State of Minnesota, Respondent, v. Amber Marie Troxell, Appellant.

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Court of Appeals of Minnesota.

State of Minnesota, Respondent, v. Amber Marie Troxell, Appellant.


Decided: July 20, 2010

Considered and decided by Klaphake, Presiding Judge;  Minge, Judge;  and Hudson, Judge. Lori Swanson, Attorney General, St. Paul, Minnesota;  and Gerald T. Hendrickson, Interim St. Paul City Attorney, James F.X. Jerskey, Assistant City Attorney, St. Paul, Minnesota (for respondent) Melissa Sheridan, Assistant State Public Defender, Eagan, Minnesota (for appellant) Amber Troxell ( pro se appellant)


In challenging her convictions of disorderly conduct and obstructing legal process with force, appellant argues that the district court (1) prejudicially erred when it read the probable-cause section of the complaint to the jury panel;  (2) denied appellant a fair trial by questioning the state's primary witness;  (3) improperly charged the jury on the gross-misdemeanor conviction of obstructing legal process when it omitted the phrase “with force”;  and (4) violated the statutory prohibition against multiple punishments by imposing separate sentences for the two convictions, which arose out of the same behavioral incident.   We affirm in part, reverse in part, and remand.


Ramsey County Sheriff's Sergeant Joann Springer stopped appellant Amber Troxell for failure to stop her car at a stop sign.   Springer reported that she followed Troxell for several blocks, unsuccessfully attempting to attract Troxell's attention with the squad car's horn, lights, and siren, and ultimately got Troxell's attention by driving along side Troxell.

The traffic stop began routinely.   Springer asked Troxell if she had heard her siren or seen her emergency lights, noticed other cars pull over, or realized she had failed to stop at a stop sign.   Troxell responded that she had stopped at the stop sign and had not heard nor seen the other activity.   Springer then gave Troxell a ticket for failure to stop.   At this point, Springer and Troxell's accounts differ.

Springer testified that Troxell quickly became hostile, used profanity, and was so defiant about receiving a traffic ticket that she bordered on being violent.   Springer stated that due to Troxell's rage, Springer asked Troxell to exit the car, that Troxell refused, that Springer told Troxell she was under arrest, and that ultimately they scuffled as Springer pulled Troxell out of her car.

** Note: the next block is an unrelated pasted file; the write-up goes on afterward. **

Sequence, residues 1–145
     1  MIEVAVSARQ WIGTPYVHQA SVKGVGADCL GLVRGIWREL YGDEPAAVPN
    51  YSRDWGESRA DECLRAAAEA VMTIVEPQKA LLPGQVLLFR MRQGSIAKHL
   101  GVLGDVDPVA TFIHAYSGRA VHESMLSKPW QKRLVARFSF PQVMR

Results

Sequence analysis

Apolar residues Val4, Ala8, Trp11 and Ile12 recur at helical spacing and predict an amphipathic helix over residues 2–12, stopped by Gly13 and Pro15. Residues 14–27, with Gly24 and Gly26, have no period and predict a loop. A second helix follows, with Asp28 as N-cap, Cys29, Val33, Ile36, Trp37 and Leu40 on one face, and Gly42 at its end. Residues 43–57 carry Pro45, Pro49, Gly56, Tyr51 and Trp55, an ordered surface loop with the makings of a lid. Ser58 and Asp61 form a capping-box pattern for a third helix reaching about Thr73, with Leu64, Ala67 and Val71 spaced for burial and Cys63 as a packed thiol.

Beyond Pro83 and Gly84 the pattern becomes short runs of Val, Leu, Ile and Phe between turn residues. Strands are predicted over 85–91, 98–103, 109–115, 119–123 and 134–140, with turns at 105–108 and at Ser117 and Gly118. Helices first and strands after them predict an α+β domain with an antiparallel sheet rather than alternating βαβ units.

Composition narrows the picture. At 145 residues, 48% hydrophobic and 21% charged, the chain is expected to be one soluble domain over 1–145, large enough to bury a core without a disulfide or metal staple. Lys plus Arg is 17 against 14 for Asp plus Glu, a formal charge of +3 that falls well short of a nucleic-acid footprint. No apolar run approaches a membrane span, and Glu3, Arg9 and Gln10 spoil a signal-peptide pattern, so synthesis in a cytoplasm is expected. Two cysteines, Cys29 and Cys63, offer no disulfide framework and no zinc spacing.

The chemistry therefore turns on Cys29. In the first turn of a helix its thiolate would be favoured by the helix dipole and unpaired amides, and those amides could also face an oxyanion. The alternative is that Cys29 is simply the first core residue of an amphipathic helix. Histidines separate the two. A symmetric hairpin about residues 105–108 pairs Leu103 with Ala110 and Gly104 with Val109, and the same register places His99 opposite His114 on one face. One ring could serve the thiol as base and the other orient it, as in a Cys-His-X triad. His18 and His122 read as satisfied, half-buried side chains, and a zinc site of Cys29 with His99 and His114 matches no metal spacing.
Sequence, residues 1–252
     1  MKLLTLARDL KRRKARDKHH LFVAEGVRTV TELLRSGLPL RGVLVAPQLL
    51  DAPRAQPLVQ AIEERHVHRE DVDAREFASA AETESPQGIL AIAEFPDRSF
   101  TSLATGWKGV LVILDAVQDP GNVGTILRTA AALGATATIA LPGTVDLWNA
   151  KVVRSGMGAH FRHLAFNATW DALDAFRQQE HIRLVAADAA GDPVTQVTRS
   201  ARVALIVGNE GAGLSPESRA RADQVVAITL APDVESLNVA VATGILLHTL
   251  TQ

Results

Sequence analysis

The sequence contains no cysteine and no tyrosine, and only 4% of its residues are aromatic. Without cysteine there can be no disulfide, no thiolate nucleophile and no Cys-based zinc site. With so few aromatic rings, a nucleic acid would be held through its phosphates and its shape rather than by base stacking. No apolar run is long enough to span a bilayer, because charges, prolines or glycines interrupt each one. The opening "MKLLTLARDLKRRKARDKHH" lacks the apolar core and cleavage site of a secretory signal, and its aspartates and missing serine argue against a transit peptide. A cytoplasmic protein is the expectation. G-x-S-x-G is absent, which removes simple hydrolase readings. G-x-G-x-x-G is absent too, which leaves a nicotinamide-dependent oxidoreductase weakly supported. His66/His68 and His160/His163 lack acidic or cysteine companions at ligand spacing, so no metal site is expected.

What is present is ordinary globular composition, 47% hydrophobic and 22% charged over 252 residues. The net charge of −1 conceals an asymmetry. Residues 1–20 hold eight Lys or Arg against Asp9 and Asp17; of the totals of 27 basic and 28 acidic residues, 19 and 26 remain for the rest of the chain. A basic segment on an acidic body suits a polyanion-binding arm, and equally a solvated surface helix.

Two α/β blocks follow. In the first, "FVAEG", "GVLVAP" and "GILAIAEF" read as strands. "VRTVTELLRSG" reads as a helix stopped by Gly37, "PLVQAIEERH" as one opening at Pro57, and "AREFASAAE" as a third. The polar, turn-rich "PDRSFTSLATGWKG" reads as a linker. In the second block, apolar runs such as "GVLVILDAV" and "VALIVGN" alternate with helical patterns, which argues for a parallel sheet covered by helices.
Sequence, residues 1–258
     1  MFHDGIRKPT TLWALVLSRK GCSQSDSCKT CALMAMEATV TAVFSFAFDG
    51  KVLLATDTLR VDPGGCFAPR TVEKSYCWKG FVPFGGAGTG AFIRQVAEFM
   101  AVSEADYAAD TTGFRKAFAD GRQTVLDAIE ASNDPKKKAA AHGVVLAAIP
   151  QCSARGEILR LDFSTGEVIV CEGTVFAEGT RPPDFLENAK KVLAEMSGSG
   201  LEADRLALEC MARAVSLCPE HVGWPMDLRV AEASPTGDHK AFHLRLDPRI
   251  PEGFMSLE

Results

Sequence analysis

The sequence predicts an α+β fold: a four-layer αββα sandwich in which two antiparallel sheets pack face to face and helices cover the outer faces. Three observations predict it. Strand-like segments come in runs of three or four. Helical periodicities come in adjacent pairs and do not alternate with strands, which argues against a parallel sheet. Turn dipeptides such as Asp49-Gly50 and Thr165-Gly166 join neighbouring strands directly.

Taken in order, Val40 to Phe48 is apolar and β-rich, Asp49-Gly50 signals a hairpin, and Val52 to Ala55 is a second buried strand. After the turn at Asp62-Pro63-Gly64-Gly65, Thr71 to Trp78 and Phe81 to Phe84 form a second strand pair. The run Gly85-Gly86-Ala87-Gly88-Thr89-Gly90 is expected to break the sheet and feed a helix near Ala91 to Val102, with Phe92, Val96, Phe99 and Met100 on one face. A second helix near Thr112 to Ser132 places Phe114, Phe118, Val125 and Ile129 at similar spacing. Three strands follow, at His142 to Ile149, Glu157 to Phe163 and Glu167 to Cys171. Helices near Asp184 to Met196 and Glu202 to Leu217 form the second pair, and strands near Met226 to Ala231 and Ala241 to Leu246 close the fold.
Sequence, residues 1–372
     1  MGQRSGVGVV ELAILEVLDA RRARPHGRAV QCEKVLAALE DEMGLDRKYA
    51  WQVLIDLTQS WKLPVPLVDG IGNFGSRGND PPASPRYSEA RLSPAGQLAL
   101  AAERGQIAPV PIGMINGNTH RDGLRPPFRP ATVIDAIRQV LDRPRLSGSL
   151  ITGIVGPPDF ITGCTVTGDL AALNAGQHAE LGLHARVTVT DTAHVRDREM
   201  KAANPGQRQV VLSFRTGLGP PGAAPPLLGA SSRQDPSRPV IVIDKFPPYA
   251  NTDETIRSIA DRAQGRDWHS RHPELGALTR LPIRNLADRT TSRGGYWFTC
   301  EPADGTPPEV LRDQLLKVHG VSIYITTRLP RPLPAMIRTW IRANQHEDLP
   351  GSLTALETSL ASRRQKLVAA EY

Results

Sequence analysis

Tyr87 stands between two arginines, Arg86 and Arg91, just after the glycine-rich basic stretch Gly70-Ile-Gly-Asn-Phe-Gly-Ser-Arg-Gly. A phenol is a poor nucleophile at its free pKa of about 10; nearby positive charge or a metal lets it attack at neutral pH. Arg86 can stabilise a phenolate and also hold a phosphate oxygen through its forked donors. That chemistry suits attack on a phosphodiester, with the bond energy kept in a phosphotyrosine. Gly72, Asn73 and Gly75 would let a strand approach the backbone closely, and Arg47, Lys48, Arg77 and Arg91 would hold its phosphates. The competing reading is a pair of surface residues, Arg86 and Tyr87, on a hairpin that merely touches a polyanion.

Troxell testified that she was initially calm and polite but that Springer was aggressive and shoved a ticket at her.   Troxell admitted that she disagreed with Springer and swore when she realized she had been ticketed and that Springer ordered her out of her car.   Troxell claims Springer refused to explain why she ordered Troxell out of her car, agrees that the two struggled as Springer took the keys out of Troxell's ignition and pulled her from the car, and agrees that she swore at Springer as she was placed in the squad car of another officer who had arrived at the scene.

Troxell was charged with gross-misdemeanor offenses of obstructing legal process with force, Minn.Stat. § 608.50, subd. 1 (2006), and assault in the fourth degree, Minn.Stat. § 609.2231, subd. 1 (2006), and the misdemeanor offense of disorderly conduct, Minn.Stat. § 609.72 (2006).   After a jury trial, Troxell was acquitted of assault but convicted on the other two counts.   The district court imposed a gross-misdemeanor sentence for the obstructing-legal-process-with-force conviction and a misdemeanor sentence for the disorderly-conduct conviction.   Troxell appeals.

Troxell filed a pro se supplemental brief.   The state filed a motion to strike this pro se brief on the grounds that it fails to address any of the arguments presented on appeal.   This court issued an order deferring the state's motion to this panel.



The first issue is whether the district court committed plain error by reading the probable-cause portion of the complaint to prospective jurors as a part of voir dire.   Because Troxell did not object to the district court reading this statement, we review for plain error.  Minn. R.Crim. P. 31.02;  State v. Quick, 659 N.W.2d 701, 717 (Minn.2003).   We correct a plain error if appellants show (1) an error;  (2) that is plain;  (3) that affected their substantial rights;  and (4) that must be corrected to ensure fairness and the integrity of the judicial proceedings.  State v. Vance, 734 N.W.2d 650, 655-56 (Minn.2007).